It is to be remembered that the spores of the Soft rot fungus are everywhere in the air, and on objects of all sorts. Rotten apples cannot be cured. But obviously there are many things which the grower and dealer can do or can refrain from doing which will reduce the disease to a profitable minimum. These facts should be borne in mind: (1) the fungus is omnipresent; (2) it gains entrance to apples only through wounds; (3) a rotten apple is a menace to its neighbors in the barrel or bin. Therefore, precautionary measures should be used in handling the fruit. Certainly the modern commercial grower expects to raise apples free from scab; at least there are two reasons why he should: to avoid scab itself, and to indirectly prevent storage rots. A scabby apple is not a number one when it goes into the barrel, and no miraculous handling of the fruit can bring it out in better condition than it was in when barreled. The chances are it will be rendered worthless through the agency of the Soft rot organism which finds easy entrance at the scab spot. For most manual labor a careful manicuring is not essential; but for picking apples it is highly important that the finger-nails be short or that smooth gloves be worn. No careful grower will approve of having the fruit bruised in any way during the picking and packing operations. Every precaution should be taken to avoid bruising the tissue or breaking the skin of the apple. Cold storage cannot mend these wounds, nor does it seem to wholly prevent Soft rot. Doubtless cold storage does a great deal toward lessening the amount of Soft rot from year to year. Some refer to the process as refrigeration; but in any case the principle involved is briefly this: the temperature is reduced to a point where the fungus can develop no further, but at which point the apple is not injured. In proper storage the fruit is not only not injured, but benefits, other than by the prevention of decay, are derived. The period for distribution and for consumption is increased. When apples are stored in small containers, the fruits are cooled more easily than in larger ones. In a barrel, for example, those fruits in the center remain warm for several days after being placed in cold storage. Thus if wounds of any sort are present on the apples, the fungus gets a good start. Moreover, if apples are allowed to stand in a shed or railroad car for several hours, they become warm; likewise those picked in warm weather and allowed to remain in the orchard will also become warm, so that the temperature in the center of the barrel is reduced but slowly in storage. If the temperature in the center of the barrel is 75° to 80° Fahr. when stored, it will require about one week for the temperature of the air in that part of the barrel to be reduced to a point equal to that of the cold storage room. It has been found that apples held at 32° Fahr. for two months showed Soft rot on removal. At a higher temperature, of course, the fungus develops even more rapidly and the destruction is greater. At an average temperature of 47° Fahr., ranging from 35° to 56° Fahr., the fruits may be three-fourths rotted in five weeks; at an average temperature of 60°, ranging from 48° to 69° Fahr., the whole of each attacked fruit is involved within three weeks. It is important to note that fruit carelessly handled before being stored is likely to become affected with Soft rot, even if stored at the freezing point for sixty days. Where the storage temperature is higher than 32° Fahr. and the duration of storage longer than two months, heavy losses from decay may be expected.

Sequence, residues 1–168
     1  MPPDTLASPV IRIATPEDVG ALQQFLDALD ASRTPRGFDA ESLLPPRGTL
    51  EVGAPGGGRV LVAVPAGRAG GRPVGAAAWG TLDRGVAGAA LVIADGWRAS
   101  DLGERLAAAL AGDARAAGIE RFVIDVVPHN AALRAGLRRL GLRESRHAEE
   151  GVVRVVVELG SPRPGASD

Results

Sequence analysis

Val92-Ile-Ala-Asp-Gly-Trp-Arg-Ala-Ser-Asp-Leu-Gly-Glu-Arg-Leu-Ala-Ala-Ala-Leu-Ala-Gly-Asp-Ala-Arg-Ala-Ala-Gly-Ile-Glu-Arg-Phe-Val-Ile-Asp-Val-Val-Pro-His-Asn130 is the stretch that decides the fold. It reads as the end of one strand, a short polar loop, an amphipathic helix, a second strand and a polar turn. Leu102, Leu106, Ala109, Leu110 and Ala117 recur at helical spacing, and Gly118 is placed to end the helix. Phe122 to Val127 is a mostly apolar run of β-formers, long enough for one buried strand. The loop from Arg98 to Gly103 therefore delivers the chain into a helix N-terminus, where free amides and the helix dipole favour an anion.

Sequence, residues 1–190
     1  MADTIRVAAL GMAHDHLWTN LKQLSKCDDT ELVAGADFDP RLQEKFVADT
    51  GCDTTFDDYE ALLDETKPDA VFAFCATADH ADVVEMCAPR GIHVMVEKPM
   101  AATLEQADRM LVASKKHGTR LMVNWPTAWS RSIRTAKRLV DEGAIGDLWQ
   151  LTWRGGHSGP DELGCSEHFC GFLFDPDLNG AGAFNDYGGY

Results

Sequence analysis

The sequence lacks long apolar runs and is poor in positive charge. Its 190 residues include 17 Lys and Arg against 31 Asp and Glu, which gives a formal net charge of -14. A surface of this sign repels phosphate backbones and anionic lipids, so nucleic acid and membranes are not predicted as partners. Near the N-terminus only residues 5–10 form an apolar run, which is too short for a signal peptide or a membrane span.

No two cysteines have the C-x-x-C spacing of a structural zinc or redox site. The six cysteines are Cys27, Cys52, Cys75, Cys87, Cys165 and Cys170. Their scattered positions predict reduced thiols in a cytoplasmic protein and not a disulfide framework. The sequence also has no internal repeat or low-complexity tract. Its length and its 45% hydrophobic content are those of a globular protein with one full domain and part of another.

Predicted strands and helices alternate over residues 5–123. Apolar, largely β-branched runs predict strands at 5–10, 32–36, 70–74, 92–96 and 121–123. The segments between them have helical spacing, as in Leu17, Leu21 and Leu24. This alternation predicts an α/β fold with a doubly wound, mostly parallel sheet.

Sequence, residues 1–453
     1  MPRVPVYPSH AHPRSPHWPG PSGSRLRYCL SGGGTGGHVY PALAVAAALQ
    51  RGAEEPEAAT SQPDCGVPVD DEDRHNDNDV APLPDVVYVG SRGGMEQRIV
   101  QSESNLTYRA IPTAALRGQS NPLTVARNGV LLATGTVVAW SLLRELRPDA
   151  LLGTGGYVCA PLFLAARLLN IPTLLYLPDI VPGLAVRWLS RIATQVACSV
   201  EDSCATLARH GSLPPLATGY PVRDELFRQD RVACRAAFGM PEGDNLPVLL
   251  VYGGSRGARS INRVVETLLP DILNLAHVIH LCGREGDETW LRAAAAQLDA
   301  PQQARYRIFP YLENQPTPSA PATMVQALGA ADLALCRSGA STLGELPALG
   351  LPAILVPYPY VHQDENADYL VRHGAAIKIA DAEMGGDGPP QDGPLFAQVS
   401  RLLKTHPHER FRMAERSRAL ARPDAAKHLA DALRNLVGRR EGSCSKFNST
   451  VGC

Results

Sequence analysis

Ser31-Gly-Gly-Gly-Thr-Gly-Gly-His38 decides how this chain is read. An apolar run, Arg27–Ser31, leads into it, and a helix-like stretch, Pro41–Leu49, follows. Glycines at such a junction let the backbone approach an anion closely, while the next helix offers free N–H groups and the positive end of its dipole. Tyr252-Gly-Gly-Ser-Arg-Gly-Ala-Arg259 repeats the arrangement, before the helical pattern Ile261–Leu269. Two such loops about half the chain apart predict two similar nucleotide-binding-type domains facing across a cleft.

The question of applying sulfur fumes to stored fruit for the destruction of Penicillium spores has been studied. The conidia can be destroyed by using sulfur at the rate of one ounce to each twenty - five cubic feet of space, but when the fumes come in contact with ripe apples their commercial value is greatly lessened. The sulfur dioxid passes through the lenticels, bleaching the fruit.
Spraying has no direct effect on Soft rot; but the practice is indirectly valuable in the prevention of scab and the elimination of insects that injure the fruit. If the stored fruit is fancy, and it is desired to keep it for a long time, wrapping each fruit is of decided advantage in preventing decay. It appears after all that the secret of controlling this disease lies in the careful handling of the fruits throughout all operations necessary to marketing and consumption.
Eustace, H. J. Investigations on some fruit diseases. New York (Geneva) Agr. Exp. Sta. Bul. 297: 32 - 48. 1908.
Kinney, L. F. The blue mold. Rhode Island Agr. Exp. Sta. Rept. 1894:195 - 198. 1895.